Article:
Harvard Astronomer Avi Loeb joins Whitley to discuss his theory that Oumuamua, the first interstellar object to be detected moving through our solar system, could have been an extraterrestrial spacecraft. When the longest-serving chair of the Department of Astronomy at Harvard declared that he thought there was reason to believe that the object was an alien artifact, the “never aliens” contingent of the scientific community reacted with shock and skepticism. However, Dr. Loeb has made a convincing case, which he lays out in this interview and in his new book, Extraterrestrial: the First Sign of Intelligent Life Beyond Earth.

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This is the first in a series about fast-developing new modalities of ET discovery and contact.

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20 Comments

  1. Really enjoyed this interview. Avi’s open mind is so needed in science and his influence on his students is invaluable for our continuing search for answers of existence. Whitley always asks the best questions. Thank you for this unique show.

  2. Whitley, you mentioned a couple of times about your suspicion of the physical impossibility of, what was it?… easy jumping across the Universe, at close to light speed, or faster than light travel, perhaps? If so, is that not the kind of thinking that Avi Loeb is railing against?

    1. I was also surprised by this. Faster than light travel is very possible, we just do not have the science or technology yet. Our science and understanding of the Universe is extremely young and immature.

      1. Author

        I think that light speed is an extraordinarily important barrier, and for a number of reasons, not the least of which is that an object’s mass increases exponentially as it reaches toward that speed, as does the relative mass of anything it might impact. So the idea of spaceships that travel at anything close to light speed through the physical universe is quite improbable.

        That doesn’t mean that I don’t think that it’s possible to get around in the universe. Having been out of my body many times, I can certainly attest to the fact that one can indeed move at something close to the speed of light. As to how such travel might result in re-entry into the physical world, I go through one possible method in my novel the Grays.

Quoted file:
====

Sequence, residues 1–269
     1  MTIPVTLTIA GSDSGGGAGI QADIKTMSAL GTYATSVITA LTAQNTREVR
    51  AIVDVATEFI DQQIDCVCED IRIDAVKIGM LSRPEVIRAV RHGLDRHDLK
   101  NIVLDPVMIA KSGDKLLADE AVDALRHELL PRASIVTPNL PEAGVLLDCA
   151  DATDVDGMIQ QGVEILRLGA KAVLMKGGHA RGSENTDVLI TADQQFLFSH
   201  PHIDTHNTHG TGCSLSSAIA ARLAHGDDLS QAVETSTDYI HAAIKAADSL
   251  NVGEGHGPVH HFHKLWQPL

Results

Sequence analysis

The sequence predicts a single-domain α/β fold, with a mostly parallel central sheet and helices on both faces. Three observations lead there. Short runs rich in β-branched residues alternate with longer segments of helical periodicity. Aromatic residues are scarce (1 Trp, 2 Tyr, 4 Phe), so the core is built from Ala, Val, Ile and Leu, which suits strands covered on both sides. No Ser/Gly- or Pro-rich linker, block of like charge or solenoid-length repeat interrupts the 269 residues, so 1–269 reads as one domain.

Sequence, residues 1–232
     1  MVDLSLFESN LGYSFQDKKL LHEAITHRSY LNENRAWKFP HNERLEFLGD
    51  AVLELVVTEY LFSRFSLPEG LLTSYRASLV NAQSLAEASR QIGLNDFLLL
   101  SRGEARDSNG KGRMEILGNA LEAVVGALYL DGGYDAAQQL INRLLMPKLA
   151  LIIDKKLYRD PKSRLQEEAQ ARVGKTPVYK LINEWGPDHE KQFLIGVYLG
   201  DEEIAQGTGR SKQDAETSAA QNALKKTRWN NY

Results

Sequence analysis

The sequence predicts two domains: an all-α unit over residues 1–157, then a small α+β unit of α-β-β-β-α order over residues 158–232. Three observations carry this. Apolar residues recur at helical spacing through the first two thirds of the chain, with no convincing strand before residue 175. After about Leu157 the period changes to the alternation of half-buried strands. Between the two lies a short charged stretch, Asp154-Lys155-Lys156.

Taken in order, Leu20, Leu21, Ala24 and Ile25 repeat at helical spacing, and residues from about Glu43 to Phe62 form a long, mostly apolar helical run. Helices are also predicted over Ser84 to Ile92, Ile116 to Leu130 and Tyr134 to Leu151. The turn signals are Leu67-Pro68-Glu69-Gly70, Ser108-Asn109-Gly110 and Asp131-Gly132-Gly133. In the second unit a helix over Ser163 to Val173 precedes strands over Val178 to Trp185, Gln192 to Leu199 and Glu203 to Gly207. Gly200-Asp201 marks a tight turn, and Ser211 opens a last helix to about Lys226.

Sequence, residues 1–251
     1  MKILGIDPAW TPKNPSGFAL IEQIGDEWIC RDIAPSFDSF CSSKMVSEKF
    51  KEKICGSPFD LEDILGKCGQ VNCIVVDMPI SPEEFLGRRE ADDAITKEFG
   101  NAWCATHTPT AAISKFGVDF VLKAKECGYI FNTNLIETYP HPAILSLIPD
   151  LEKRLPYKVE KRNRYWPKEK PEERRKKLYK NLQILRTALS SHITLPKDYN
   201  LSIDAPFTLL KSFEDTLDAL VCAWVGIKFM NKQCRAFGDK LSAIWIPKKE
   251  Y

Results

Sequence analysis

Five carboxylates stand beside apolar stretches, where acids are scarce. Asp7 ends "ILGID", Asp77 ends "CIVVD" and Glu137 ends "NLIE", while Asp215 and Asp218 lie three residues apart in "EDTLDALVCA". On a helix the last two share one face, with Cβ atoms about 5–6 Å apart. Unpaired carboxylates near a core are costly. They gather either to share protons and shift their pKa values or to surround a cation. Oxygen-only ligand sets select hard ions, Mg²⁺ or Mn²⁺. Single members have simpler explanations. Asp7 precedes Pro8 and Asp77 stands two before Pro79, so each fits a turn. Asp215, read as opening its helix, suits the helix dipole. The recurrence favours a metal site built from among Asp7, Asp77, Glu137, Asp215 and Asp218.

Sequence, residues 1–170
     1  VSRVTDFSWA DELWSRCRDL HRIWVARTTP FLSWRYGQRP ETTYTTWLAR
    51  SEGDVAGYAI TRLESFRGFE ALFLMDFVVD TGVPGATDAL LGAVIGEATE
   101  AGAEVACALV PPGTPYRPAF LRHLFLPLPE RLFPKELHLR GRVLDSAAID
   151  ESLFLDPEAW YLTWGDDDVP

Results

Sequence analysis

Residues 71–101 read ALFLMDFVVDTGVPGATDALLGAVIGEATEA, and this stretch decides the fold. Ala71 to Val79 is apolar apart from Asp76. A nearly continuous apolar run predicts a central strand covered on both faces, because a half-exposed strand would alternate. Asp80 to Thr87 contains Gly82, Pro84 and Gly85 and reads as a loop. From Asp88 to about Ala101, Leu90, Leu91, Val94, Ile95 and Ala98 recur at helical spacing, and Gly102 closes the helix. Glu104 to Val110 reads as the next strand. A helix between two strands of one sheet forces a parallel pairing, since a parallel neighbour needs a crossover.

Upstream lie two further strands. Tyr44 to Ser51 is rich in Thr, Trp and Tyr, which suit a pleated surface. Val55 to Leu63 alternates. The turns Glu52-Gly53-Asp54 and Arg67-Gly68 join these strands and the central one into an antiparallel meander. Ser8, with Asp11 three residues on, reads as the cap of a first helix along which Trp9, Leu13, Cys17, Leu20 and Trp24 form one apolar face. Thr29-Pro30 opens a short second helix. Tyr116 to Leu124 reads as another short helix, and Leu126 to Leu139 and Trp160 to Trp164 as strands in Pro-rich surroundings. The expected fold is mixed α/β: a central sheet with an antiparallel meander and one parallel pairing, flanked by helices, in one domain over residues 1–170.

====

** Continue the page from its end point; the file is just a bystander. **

If there are beings moving around in the physical state, I think that something like a VonNeumann machine must be involved. I discuss this in the interview with Steve Lazarus that will be posted on the 19th, as he addresses it in his book.

        The idea that a physically useful wormhole could be created between two different parts of the same universe seems impossible, for the simple reason that it would obviously take more energy than exists in that universe to bend it. However, I DO think that travel BETWEEN universes is quite possible, and indeed, the physics of wormholes between parallel universes is very different and far less energy intensive, and I think that it’s done routinely.

        I wanted to keep to Dr. Loeb’s subject in my interview with him, so I didn’t want to speculate very far into areas that he doesn’t discuss in his book.

        My takeaway from the book and interview is that he has opened up a possible new line of scientific inquiry into the discovery of non-Earth intelligence: the search for debris left behind in our solar system.

        1. If an antigravity field could be projected around a ship, would that not nullify its momentum, to allow massive acceleration up to close to light speeds?

          Never say never.

          Give me a few hundred years in a well equipped shed and I’ll crack it 😉 …as Avi says…don’t listen to ‘experts’…

          https://m.youtube.com/watch?v=lOq7OVpbQq4

          1. Sherbet, I always like to say, ‘give me enough time and money, I will solve any problem’. Haha

        2. Special Relativity is like looking in a fun house mirror, it is what is observed here for the observer, not the reality of the observed. Gravity is much faster than light, as light is of sound. Using a rocket engine ejecting mass, the energy required approaches infinity, but we are not seeing such primitive propulsion used. Soon perhaps humanity will be ready to learn more, but we have a great number of more pressing problems which are being ignored.